Last, Dalrymple argues that the district court violated his statutory right to counsel because the district court did not make a factual finding at the time of waiver that he acted with full awareness. See State v. Lindsay, 124 Idaho 825, 828, 864 P.2d 663, 666 (App.1993). I.C. § 19-857 provides that a defendant may waive his right to counsel “if the court concerned, at the time of or after waiver, finds of record that he has acted with full awareness of his rights and of the consequences of a waiver and if the wavier is otherwise according to law.” The district court made such findings after Dalrymple had waived his right to counsel.
On appeal, Dalrymple asserts that the district court limited his right to present his defense when it refused to allow him to recall K.B. as a witness. He contends he should have been able to recall K.B. to inquire as to his hypnosis claim. Dalrymple points out that the Sixth Amendment guarantees a criminal defendant the right “to have compulsory process for obtaining witnesses in his favor.” Accord Idaho Const. Art. I, § 13. Compulsory process “is in plain terms the right to present a defense, the right to present the defendant's version of the facts as well as the prosecution's to the jury so it may decide where the truth lies.” Washington v. Texas, 388 U.S. 14, 19, 87 S.Ct. 1920, 1923, 18 L.Ed.2d 1019, 1023 (1967). The right of the accused to present witnesses in his own defense is fundamental but is not without limitation. Taylor v. Illinois, 484 U.S. 400, 408-10, 108 S.Ct. 646, 652-54, 98 L.Ed.2d 798, 809-11 (1988).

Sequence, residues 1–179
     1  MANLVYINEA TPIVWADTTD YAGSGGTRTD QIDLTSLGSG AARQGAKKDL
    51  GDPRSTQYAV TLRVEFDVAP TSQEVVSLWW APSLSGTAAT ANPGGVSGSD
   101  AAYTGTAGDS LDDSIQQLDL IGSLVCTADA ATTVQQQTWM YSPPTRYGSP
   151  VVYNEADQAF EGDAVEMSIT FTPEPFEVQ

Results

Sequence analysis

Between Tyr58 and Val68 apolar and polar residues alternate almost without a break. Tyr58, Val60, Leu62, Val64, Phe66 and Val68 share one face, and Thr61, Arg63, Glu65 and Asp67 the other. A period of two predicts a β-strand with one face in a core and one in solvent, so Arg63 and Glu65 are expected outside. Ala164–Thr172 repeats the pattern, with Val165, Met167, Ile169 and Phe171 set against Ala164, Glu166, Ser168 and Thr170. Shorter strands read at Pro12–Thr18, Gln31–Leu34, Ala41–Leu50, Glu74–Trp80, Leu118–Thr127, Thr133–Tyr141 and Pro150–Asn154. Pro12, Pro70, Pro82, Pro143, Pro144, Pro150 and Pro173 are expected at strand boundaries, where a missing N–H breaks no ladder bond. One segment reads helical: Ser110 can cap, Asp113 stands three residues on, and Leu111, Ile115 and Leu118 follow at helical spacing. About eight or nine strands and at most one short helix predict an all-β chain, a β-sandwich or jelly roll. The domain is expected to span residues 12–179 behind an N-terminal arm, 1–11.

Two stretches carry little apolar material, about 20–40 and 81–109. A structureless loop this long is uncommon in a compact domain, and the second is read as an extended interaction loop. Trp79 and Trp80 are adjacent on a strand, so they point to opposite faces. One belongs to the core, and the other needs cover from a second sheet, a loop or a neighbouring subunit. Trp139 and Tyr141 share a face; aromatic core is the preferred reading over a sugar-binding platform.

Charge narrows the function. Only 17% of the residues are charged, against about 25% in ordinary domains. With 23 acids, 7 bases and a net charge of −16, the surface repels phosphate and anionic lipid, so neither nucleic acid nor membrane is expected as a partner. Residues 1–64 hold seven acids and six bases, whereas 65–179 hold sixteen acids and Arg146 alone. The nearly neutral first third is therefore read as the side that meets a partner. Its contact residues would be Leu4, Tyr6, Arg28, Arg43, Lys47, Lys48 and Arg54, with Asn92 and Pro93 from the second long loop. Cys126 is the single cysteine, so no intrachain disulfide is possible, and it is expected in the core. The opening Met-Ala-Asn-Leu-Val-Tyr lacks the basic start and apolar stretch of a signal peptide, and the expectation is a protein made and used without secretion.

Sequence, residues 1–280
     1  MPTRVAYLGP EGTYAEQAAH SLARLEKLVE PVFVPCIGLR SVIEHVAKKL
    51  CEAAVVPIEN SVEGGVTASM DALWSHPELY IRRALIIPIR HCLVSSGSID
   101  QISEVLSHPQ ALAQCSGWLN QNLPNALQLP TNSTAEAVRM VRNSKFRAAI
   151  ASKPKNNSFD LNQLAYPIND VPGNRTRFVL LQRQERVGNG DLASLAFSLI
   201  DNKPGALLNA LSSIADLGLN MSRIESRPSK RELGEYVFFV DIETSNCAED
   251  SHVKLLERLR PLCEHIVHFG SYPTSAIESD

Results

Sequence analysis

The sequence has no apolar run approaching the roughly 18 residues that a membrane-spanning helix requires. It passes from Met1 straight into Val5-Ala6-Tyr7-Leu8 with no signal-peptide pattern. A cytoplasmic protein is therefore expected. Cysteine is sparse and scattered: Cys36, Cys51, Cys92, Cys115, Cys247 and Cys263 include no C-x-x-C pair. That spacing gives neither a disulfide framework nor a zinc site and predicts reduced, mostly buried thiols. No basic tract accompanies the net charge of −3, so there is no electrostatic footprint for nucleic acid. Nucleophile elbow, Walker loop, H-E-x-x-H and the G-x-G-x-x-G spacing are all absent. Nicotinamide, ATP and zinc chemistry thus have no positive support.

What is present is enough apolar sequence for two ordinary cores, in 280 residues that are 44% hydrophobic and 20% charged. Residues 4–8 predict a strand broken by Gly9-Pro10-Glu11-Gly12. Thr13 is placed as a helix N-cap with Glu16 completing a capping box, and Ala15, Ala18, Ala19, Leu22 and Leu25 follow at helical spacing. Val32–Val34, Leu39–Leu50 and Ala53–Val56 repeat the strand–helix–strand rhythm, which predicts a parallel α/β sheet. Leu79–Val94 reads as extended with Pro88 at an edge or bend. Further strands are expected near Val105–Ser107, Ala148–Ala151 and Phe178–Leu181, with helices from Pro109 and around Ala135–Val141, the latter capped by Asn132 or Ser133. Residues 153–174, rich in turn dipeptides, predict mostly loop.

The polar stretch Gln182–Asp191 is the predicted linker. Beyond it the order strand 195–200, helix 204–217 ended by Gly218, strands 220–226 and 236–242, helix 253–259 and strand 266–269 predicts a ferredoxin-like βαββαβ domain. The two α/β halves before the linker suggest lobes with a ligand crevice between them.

A mere deprivation of testimony does not establish a Sixth Amendment violation. United States v. Valenzuela-Bernal, 458 U.S. 858, 867, 102 S.Ct. 3440, 3446, 73 L.Ed.2d 1193, 1202 (1982). Compulsory process only applies if the defendant can “at least make some plausible showing of how [the witnesses'] testimony would have been both material and favorable to his defense.” Id.; accord State v. Kerchusky, 138 Idaho 671, 676, 67 P.3d 1283, 1288 (App.2003). Materiality and favorableness are judged in the context of the whole record. Valenzuela-Bernal, 458 U.S. at 868, 102 S.Ct. at 3447, 73 L.Ed.2d at 1203. In this case, Dalrymple failed to make the requisite showing of materiality and favorableness. K.B. had testified that neither her mother nor Dalrymple asked her to lie about being abused. When offered the opportunity to lay a foundation to show some ability in hypnosis, Dalrymple could not. In light of the entire record, Dalrymple did not show that K.B.'s testimony would have been material or favorable to his defense. Thus, the district court did not violate Dalrymple's right to compulsory process by refusing to allow K.B. to be recalled. The fact that he chose to pursue the hypnosis defense without the assistance of counsel makes no difference. A defendant does not have the right to plow the same ground tilled by his attorney, merely by disposing of the attorney's services during the trial.